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Biological and ecological studies of the greater coconut spike moth (Tirathaba rufivena Walker) and its natural enemies.  [1989]

Gallego M.C.E. Philippines Univ., Los Banos, College, Laguna (Philippines). [Corporate Author]

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Abstract
The coconut spike moth (Tirathaba rufivena) was found to be widely distributed throughout the coconut growing areas in the country. It was more prevalent on newly fruit-bearing palms. The total developmental period of T. rufivena was 30.00 days. The average incubation, larval, pre-pupal, and pupal periods were 5.77, 14.15, 3.06, and 6.55 days, respectively. The larva underwent six instars. The average adult longevity was 6.33 days. The average number of eggs laid per female was 170.45 with an average daily rate of 42.61 and percent hatchability of 83.84. Three natural enemies were observed to parasitize T. rufivena Walker, namely: Telenomus tirathabae Wilk., Apanteles tirathabae Wilk., and Ventularia palmaris Wilk. An earwig was also suspected as a predator of the pest. The Apanteles tirathabae can easily be reared on 2-or 3-day old host larvae under laboratory conditions. Adult longevity was prolonged by feeding pure honey and sugar solutions (10 to 50%). The total population of the coconut spike moth and its parasitoid was higher on constricted inflorescences than on loosely opened inflorescences, with a mean of 37.20 and 24.97, respectively. Preference of T. rufivena was observed on 8 coconut varieties. GDH x Wat was preferred most, followed by YMD x Wat, RMD x Wat, RCD x Wat, Tacunan, CAT x BAO, TAC x BAO and Laguna, with the following percentage infestations: 32.97, 29.36, 22.53, 21.14, 12.68, 12.12, 11.17, and 9.10, respectively. Removal of spathe sh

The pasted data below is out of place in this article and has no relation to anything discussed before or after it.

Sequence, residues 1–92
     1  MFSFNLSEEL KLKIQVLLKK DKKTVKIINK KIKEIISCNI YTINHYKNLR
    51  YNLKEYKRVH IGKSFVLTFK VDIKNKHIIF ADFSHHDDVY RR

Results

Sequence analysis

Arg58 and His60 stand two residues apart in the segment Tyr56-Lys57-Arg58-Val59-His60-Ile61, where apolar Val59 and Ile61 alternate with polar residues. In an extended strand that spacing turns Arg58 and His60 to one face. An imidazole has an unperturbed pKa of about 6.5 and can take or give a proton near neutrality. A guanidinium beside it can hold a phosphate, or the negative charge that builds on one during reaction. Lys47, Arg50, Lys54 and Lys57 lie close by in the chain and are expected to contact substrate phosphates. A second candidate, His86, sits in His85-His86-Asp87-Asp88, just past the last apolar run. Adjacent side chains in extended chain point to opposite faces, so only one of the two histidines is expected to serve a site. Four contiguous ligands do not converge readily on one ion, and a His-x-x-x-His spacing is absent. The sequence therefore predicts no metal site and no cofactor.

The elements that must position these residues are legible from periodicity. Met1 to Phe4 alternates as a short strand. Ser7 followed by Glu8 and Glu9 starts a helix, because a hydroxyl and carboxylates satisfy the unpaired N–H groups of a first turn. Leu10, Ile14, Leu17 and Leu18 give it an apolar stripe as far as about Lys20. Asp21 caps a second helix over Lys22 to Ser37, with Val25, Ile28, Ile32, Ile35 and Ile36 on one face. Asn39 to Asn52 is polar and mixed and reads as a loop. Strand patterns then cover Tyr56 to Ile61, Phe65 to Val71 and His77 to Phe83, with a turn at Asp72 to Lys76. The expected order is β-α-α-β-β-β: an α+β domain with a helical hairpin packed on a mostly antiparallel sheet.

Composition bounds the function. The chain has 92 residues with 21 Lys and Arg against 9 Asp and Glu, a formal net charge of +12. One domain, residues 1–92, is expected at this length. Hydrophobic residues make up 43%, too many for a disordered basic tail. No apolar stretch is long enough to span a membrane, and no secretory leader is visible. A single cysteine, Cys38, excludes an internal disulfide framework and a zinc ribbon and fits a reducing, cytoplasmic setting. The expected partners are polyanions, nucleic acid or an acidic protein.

eaths of coconut flowers controlled the infestation of T. rufivena as shown by a high nut harvest of 12.93 percent compared to flowers with spathe sheaths intact having only 6.11 percent nut harvest. Application of pirimiphos-methyl (PM) insecticide provided no significant effect on yield compared with the control. Forty percent button thinning (a simulated Tirathaba damage) did not significantly affect yield compared to the control.
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Other subjects

  • enemigos naturales
  • ennemi naturel
  • lepidoptera
  • etapas del desarrollo animal
  • stade de developpement animal
  • animal developmental stages
  • insecte nuisible
  • natural enemies
  • insectos daninos
  • noix de coco
  • coco
  • coconuts
  • pest insects

Other information

Language : English

Type : Journal Article

In AGRIS since : 2012

All titles :

" Biological and ecological studies of the greater coconut spike moth (Tirathaba rufivena Walker) and its natural enemies. "